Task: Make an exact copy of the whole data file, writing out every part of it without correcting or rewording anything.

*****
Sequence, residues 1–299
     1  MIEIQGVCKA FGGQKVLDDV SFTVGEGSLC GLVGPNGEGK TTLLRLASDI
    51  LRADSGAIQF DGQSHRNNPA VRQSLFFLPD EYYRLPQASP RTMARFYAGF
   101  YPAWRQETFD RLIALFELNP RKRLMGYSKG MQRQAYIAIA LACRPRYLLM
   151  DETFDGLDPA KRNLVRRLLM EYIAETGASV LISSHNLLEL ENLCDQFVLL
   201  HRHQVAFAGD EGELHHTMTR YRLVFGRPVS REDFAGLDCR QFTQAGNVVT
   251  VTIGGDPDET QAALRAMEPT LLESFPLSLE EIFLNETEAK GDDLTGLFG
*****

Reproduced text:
Sequence, residues 1–299
     1  MIEIQGVCKA FGGQKVLDDV SFTVGEGSLC GLVGPNGEGK TTLLRLASDI
    51  LRADSGAIQF DGQSHRNNPA VRQSLFFLPD EYYRLPQASP RTMARFYAGF
   101  YPAWRQETFD RLIALFELNP RKRLMGYSKG MQRQAYIAIA LACRPRYLLM
   151  DETFDGLDPA KRNLVRRLLM EYIAETGASV LISSHNLLEL ENLCDQFVLL
   201  HRHQVAFAGD EGELHHTMTR YRLVFGRPVS REDFAGLDCR QFTQAGNVVT
   251  VTIGGDPDET QAALRAMEPT LLESFPLSLE EIFLNETEAK GDDLTGLFG